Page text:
She [Lotte] has been away for a few days, collecting Albert. Today I entered her parlour and she came to meet me, and I kissed her hand, overcome with joy.
A canary flew off the mirror and perched on her shoulder.--'A new friend,' she said, coaxing it onto her hand, 'which I got for the children. Isn't he a dear? Look at him! If I give him some bread he flutters his wings and pecks oh-so-daintily. He kisses me too: watch!'
She held the little creature to her mouth and lovingly pressed it to her sweet lips, as if it were capable of feeling the bliss it was enjoying.
'He shall kiss you too,' she said, and held the bird towards me.--Its little beak moved from her mouth to mine, and when it touched me with a peck it was like a breath of love, a promise of pleasure to come.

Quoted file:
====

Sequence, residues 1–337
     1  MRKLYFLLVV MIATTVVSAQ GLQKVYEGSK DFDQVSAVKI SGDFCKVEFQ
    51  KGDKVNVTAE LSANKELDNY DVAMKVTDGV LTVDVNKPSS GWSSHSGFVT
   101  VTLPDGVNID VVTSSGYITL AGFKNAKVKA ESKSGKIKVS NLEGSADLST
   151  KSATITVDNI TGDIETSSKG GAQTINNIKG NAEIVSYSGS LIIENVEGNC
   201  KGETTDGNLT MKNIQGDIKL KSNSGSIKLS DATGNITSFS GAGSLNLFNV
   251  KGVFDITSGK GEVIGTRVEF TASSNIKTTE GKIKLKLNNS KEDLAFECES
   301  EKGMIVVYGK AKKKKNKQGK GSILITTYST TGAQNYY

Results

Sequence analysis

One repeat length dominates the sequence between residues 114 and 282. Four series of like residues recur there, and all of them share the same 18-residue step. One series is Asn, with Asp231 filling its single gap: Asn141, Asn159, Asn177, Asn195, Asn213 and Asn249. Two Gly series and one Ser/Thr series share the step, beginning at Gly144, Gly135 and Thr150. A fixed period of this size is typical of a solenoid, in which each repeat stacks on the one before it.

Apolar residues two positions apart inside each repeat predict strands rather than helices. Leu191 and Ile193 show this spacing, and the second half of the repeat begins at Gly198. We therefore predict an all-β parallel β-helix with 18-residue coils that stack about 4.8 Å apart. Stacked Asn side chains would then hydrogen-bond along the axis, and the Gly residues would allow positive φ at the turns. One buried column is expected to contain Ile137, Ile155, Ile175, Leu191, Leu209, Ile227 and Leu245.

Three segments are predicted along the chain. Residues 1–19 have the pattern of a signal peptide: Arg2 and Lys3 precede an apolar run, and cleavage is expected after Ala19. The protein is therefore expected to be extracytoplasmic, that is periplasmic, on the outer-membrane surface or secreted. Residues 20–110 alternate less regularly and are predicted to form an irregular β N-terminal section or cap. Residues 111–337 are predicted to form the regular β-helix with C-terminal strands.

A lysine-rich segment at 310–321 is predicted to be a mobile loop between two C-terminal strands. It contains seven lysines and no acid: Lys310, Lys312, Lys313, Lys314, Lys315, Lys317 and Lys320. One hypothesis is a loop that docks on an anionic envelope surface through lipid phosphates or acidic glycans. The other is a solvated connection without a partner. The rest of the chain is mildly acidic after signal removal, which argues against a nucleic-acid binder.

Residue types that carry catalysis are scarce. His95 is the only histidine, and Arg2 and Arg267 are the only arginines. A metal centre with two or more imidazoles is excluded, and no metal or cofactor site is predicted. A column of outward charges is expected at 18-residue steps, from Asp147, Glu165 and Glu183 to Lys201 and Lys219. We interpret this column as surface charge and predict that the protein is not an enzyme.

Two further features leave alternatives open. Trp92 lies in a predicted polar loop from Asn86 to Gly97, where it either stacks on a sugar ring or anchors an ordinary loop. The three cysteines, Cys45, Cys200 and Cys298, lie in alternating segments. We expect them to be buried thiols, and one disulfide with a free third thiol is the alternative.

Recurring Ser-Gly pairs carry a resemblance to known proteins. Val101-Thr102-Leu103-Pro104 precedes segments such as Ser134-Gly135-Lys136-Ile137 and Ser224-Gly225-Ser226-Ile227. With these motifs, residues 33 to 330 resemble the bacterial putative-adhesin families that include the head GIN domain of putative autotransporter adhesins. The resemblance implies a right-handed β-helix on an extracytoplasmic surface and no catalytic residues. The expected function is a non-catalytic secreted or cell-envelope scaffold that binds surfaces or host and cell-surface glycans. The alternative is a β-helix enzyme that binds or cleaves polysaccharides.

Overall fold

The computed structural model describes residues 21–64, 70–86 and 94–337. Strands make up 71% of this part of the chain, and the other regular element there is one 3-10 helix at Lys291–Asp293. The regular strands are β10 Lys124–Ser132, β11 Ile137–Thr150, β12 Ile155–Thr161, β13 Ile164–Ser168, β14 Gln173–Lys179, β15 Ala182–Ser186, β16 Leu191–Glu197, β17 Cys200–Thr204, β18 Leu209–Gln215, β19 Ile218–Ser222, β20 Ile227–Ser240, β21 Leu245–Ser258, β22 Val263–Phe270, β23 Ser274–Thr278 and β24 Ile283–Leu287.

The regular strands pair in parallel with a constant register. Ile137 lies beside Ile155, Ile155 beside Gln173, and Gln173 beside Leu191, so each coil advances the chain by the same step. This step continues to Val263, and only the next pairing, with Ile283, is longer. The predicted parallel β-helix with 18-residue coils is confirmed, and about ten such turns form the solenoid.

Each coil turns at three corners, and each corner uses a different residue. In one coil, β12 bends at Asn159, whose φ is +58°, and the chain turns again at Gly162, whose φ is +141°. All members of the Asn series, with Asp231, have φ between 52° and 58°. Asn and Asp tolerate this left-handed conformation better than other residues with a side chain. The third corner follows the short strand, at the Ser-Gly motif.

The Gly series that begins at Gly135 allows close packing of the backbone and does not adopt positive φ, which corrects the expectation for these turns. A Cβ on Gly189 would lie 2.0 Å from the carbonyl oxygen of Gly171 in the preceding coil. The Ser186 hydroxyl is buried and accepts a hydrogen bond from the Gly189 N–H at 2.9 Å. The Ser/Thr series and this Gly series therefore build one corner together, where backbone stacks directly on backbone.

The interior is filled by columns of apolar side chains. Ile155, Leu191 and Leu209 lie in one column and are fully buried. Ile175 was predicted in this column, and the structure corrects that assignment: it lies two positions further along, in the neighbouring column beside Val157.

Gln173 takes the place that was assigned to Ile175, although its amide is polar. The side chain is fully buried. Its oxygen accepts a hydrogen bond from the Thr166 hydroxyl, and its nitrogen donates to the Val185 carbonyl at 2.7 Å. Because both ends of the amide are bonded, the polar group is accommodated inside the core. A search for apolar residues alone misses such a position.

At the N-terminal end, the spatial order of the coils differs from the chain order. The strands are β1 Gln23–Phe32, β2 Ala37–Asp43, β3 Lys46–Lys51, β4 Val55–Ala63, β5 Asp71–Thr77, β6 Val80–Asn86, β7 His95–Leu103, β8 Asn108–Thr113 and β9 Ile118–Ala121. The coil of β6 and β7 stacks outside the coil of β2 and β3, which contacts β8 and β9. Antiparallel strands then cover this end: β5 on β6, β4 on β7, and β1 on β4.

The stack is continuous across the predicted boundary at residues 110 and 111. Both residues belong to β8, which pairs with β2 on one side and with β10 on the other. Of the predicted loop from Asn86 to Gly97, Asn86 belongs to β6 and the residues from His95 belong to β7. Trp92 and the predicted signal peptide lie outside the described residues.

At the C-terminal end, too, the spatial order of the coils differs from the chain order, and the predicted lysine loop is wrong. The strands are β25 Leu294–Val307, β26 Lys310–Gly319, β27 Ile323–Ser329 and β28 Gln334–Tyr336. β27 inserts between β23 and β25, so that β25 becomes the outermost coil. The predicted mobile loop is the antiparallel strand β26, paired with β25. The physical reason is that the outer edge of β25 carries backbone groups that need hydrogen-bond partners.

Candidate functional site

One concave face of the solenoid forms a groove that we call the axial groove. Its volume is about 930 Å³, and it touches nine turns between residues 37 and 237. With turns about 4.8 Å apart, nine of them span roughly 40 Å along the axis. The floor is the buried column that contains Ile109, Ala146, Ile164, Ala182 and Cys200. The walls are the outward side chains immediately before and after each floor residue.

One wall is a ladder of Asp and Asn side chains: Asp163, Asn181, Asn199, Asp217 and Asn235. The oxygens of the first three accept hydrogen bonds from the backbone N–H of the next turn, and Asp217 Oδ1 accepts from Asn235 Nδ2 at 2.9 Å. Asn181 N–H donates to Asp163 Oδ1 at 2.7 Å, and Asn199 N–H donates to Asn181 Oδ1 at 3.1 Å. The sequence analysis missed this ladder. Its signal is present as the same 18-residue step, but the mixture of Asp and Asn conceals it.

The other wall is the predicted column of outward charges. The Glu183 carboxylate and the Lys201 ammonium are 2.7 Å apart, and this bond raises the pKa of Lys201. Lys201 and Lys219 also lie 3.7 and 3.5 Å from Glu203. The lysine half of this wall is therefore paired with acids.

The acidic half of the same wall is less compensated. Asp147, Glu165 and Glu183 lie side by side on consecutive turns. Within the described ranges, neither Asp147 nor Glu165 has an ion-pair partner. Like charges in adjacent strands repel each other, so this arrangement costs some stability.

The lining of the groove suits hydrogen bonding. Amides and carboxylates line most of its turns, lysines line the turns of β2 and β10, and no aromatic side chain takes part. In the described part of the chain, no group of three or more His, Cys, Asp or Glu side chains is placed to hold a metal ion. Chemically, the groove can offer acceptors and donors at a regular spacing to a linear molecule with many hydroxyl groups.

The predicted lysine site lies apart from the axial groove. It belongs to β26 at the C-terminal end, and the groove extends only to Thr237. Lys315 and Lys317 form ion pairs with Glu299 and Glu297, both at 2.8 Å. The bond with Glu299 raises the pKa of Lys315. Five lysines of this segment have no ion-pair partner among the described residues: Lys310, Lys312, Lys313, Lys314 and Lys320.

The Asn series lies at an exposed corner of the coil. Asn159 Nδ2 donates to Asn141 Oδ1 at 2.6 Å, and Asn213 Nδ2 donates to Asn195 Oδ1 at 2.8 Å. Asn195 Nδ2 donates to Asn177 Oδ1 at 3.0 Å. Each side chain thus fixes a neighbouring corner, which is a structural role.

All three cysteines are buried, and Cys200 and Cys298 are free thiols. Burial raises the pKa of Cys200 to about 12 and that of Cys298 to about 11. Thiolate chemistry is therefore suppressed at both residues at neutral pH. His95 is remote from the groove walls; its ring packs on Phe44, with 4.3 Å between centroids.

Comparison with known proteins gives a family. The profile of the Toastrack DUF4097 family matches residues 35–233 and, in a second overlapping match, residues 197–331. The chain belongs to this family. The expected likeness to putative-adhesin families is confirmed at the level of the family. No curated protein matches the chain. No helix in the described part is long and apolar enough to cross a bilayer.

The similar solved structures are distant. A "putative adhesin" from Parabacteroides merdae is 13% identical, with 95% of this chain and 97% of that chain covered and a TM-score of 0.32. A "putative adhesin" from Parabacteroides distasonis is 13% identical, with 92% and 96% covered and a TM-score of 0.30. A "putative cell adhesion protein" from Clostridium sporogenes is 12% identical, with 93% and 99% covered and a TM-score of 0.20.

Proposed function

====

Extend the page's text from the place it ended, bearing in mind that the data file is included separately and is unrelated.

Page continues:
'His kiss,' I said, 'is not wholly free of a desire; he wants food, and these empty endearments leave him dissatisfied.'
'He will eat out of my mouth, too,' she said.--She offered it a few crumbs on her lips, and smiled with all the joyful happiness of innocent and loving fellow-feeling.
I averted my gaze. She ought not to do it, ought not to excite my imagination with these scenes of divine innocence and bliss, or awaken my heart from that sleep which the indifference of life lulls it to!--And why not?--She has such trust in me! and knows how much I love her!
The hapless canary becomes the excuse for Werther to express his feelings ('His kiss is not free of desire; these empty endearments leave him dissatisfied'). Lotte displays that fellow-feeling towards other creatures common in sentimental novels, but Werther sexualizes the scene, envying the kisses the bird receives.Related terms: